“There was a designer somewhere in the process who has thought about every single touch point, every single aspect, and has just made every single moment as valid, as graceful, as appropriate, as possible,” he says. BankSimple is due to launch this year.
To design the experience, they looked for insights from behavioral economics, which relies on psychology to understand economic decisions. For instance, it’s easier to get people to try something if they have to opt out of it rather than opt in. The team applied this insight to a feature of the bank that allows people to set aside funds toward a particular goal; it’s not a separate account, just a line highlighted on the screen with a label like “Hawaii trip” or “new laptop.” To encourage customers to try the feature, BankSimple starts them with the goal of saving $1,000 in an emergency fund.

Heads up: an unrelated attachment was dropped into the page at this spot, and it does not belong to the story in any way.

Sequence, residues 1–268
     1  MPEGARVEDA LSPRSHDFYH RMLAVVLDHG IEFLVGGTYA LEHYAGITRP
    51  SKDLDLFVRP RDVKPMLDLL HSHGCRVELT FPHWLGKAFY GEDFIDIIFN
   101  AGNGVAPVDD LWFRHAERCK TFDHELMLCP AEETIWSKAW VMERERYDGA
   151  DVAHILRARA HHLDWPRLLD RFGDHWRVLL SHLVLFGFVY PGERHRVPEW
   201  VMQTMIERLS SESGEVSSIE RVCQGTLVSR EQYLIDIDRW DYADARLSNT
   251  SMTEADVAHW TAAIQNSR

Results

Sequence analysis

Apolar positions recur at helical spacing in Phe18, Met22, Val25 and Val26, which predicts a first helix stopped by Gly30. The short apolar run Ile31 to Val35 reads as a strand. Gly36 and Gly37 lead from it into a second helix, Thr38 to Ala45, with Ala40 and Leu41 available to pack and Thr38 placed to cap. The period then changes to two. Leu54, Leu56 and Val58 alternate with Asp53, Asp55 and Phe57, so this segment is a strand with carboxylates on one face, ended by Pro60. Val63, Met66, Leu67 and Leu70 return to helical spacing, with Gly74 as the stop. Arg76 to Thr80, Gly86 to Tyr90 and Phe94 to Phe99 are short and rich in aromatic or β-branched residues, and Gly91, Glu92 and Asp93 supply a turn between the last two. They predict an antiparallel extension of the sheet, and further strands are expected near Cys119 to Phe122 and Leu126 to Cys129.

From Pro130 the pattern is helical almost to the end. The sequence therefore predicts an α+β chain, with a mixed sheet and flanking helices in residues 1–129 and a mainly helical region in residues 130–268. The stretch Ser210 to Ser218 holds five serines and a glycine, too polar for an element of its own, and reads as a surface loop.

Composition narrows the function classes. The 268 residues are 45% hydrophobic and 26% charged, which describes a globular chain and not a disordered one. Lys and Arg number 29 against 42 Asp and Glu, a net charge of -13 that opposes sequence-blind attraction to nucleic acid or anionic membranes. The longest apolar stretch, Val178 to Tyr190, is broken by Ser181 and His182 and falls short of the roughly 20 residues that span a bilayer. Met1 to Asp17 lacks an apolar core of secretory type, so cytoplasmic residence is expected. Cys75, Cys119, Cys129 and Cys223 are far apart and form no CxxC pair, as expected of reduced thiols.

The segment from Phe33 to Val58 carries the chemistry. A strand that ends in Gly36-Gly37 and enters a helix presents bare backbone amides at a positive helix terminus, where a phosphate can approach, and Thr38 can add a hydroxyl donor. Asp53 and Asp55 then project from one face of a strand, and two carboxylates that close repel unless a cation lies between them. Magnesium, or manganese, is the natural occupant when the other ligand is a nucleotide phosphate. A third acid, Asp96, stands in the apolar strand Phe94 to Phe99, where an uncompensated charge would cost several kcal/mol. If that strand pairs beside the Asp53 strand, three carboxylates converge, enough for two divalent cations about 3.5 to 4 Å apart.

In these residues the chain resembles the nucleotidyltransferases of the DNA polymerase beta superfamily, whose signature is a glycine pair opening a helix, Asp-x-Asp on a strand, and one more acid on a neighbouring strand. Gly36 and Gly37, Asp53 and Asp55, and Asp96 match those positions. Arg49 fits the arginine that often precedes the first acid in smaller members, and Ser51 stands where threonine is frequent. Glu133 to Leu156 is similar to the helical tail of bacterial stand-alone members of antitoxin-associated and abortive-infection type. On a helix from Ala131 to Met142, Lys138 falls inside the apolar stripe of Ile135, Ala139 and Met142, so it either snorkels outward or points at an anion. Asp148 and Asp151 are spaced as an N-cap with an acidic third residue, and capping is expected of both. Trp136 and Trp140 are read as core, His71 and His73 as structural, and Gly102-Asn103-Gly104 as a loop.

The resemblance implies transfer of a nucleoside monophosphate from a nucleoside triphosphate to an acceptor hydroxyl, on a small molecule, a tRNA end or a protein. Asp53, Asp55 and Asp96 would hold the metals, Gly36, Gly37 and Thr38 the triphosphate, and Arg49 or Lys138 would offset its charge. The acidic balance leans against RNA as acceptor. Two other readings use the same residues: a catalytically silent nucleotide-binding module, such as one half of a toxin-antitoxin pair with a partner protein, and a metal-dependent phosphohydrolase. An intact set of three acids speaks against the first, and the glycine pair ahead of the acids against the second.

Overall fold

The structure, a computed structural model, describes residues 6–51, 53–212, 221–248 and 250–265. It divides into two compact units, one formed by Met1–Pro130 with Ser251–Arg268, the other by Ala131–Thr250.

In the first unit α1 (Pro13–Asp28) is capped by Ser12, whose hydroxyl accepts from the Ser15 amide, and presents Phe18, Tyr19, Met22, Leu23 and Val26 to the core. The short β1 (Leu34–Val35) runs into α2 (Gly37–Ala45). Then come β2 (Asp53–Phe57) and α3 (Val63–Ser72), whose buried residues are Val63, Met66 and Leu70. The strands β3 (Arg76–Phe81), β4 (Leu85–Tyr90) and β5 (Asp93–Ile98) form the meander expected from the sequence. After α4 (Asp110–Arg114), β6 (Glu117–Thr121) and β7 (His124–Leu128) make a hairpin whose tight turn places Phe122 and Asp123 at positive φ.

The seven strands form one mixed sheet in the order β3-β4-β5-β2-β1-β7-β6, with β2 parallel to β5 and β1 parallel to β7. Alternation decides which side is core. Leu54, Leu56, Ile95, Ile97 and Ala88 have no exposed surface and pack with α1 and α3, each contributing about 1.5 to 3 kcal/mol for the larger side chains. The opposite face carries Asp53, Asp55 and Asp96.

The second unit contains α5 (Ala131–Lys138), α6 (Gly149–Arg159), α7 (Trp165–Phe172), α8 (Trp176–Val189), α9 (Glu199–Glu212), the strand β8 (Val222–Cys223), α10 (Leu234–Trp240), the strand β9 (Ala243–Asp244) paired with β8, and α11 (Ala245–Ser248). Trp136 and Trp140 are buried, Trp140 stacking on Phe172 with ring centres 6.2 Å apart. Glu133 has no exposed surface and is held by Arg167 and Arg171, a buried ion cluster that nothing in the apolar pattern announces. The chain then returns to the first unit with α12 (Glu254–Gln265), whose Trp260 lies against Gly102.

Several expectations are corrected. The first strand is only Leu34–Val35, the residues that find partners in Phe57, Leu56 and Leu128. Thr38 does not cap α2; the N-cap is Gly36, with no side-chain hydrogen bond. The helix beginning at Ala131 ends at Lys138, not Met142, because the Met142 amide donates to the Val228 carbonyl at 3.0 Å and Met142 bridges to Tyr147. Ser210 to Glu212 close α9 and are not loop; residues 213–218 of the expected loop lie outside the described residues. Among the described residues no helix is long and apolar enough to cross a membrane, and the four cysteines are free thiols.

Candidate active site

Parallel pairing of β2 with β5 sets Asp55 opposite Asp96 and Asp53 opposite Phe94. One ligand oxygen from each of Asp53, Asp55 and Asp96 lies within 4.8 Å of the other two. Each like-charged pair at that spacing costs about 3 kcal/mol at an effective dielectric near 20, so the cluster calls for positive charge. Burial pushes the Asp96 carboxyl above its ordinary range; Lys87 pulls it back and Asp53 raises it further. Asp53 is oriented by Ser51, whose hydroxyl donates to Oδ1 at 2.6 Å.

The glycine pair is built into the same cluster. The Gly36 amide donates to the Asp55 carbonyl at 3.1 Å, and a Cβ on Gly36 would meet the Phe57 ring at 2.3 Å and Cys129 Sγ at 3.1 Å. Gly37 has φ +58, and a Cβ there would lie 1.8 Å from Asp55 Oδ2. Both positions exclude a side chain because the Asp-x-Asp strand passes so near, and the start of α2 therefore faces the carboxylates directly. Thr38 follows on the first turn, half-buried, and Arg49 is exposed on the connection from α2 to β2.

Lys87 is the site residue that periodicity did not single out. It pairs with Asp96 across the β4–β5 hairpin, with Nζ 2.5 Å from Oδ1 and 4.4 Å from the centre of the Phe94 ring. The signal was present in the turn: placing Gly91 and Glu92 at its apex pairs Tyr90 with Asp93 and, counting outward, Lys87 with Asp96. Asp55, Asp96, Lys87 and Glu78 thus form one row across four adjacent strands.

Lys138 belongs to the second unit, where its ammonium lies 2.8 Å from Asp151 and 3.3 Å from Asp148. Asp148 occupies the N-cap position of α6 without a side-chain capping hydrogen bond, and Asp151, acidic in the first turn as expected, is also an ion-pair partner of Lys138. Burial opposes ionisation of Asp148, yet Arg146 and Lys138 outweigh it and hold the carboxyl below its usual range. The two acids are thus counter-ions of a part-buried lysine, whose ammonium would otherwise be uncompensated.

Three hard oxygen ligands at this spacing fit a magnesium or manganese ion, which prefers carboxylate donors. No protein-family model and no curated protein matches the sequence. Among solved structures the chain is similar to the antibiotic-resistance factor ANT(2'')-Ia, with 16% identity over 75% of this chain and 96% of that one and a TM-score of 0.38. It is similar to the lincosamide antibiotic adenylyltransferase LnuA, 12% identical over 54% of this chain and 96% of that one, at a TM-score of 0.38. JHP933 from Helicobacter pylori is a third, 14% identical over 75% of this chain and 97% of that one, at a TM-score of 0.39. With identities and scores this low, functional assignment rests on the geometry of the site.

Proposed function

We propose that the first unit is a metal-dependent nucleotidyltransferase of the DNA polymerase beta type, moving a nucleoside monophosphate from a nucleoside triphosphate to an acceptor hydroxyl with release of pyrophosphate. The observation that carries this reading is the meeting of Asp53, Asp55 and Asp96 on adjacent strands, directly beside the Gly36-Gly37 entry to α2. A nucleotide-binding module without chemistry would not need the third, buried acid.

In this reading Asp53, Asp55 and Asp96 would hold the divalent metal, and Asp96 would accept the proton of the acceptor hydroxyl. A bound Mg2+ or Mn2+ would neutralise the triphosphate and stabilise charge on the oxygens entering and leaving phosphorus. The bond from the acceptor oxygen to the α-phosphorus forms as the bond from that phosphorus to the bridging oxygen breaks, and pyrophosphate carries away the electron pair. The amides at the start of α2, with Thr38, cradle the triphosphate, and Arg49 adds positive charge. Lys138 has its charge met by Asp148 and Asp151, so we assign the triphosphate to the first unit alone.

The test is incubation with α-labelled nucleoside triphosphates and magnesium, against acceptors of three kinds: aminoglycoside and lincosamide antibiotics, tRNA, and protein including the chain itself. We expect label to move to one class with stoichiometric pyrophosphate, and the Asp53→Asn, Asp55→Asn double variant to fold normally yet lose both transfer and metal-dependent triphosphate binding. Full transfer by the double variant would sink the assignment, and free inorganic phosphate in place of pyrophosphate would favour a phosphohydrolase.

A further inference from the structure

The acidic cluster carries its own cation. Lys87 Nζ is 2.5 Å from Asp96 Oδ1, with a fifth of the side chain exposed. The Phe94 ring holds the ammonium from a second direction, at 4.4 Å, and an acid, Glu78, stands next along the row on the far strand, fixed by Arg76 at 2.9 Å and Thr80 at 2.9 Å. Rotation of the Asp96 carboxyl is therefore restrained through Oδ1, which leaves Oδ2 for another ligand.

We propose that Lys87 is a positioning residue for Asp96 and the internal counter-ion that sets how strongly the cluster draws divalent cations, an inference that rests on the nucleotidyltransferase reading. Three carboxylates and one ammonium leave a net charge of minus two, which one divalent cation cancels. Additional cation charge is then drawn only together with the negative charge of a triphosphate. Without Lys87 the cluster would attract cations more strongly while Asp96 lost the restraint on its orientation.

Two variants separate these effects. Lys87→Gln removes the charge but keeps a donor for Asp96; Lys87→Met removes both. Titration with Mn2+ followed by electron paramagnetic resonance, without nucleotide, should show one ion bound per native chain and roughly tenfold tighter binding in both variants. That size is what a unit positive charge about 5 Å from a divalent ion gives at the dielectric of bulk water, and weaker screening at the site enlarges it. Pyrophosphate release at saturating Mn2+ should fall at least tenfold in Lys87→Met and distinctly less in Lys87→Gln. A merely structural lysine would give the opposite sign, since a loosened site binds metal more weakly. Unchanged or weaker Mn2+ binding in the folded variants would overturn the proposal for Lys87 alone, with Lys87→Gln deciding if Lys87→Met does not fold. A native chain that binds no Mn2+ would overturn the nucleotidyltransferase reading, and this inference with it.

There is something magical about taking a different tack on an existing problem. This sounds very appealing, but I wonder what happens to the user enthusiasm the first time all that hidden complexity surfaces in a SNAFU.